A Change of Culture, Philosophy and Identity
Darrelle Revis does not simply fill the hole the Chargers have in their secondary, he changes the identity of the team. He changes the philosophy of the team. He changes what the team needs out of a Strong Safety, rather than spending year after year trying to find one that can fit into whatever the team thinks it wants our of a Strong Safety. He even changes what the team needs our of its offensive line, Quarterback and running game.
If Tom Telesco and Mike McCoy are serious about shaking things up inside of the Chargers organization, they need to at least consider the possibility of trading for Darrelle Revis and becoming a team that wins games (and maybe championships) by dominating defensively. It's how Eli Manning and Ben Roethlisberger got their four Super Bowls rings (hell, it's how Mark Sanchez got to two AFC Championship games despite being less than half the QB of those two) and it's how the Chargers should go about getting one for Philip Rivers.
So, Is It Worth the Price?
Revis is coming off of a season lost to a torn ACL. That's not an easy injury for Cornerbacks to come back from. Many also fear that Revis would demand a new contract before playing a down of football in 2013. He would require a long-term investment with whichever franchise he is with before feeling comfortable enough to get on the field. Also, as you saw with the Jets in 2012, building a team's philosophy and identity around a Cornerback can end disastrously if that CB were to get injured.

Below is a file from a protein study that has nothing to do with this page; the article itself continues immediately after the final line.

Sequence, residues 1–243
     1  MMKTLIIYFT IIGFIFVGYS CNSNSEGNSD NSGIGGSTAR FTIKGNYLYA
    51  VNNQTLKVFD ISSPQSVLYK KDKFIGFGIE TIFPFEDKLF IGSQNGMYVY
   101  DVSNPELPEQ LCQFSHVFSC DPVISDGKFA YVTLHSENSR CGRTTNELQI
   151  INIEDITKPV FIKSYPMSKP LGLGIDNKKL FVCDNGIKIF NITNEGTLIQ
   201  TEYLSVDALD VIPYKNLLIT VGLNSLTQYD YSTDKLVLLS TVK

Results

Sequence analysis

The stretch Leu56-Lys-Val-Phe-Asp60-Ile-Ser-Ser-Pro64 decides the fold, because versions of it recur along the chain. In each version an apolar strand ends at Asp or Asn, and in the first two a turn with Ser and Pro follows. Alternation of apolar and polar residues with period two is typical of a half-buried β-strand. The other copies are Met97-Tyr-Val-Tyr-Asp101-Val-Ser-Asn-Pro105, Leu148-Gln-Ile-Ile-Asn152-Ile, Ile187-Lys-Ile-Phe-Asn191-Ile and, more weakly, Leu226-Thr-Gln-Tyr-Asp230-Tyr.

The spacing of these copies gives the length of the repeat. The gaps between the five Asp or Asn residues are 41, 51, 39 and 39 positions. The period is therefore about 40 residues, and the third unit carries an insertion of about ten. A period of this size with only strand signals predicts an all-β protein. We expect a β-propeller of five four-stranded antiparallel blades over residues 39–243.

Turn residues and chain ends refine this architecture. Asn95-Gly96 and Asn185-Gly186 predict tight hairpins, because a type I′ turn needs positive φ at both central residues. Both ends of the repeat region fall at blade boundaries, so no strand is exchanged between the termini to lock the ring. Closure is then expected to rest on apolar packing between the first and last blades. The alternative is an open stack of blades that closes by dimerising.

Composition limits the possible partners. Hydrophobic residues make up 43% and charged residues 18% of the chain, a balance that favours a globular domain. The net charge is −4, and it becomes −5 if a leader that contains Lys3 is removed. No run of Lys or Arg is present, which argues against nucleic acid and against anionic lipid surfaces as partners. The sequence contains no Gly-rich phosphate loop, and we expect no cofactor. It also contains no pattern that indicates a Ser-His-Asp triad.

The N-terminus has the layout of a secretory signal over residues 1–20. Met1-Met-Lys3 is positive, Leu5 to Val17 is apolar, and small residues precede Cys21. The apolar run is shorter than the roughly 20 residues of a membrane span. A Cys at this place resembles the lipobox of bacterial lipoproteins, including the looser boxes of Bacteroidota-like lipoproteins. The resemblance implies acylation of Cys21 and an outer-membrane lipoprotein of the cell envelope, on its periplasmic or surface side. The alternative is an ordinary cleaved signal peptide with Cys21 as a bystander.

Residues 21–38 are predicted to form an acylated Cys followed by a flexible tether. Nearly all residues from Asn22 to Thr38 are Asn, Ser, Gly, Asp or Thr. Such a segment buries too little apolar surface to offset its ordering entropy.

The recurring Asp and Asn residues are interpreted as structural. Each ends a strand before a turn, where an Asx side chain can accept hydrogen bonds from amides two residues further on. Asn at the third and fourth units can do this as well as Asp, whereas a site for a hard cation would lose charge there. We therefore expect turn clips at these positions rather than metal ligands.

It would be a big gamble. No, a huge gamble. However, Telesco and McCoy don't have a lot of time to try and rebuild whatever A.J. Smith was trying to put together in San Diego (Philip Rivers will be 32 this year and Antonio Gates will be 33). If they're going to try and win with the "stars" that convinced them to leave their jobs and come to the Chargers organization, they're going to have to take a risk.
My opinion on this matter isn't all or nothing. I think there are other risks that can be taken. This is just one path of several that the new Chargers brass can take towards become a championship contending team. However, I do believe it will transform the team in a way that makes it easier to win (and hide the roster's immediate flaws) in 2013.
What do you think?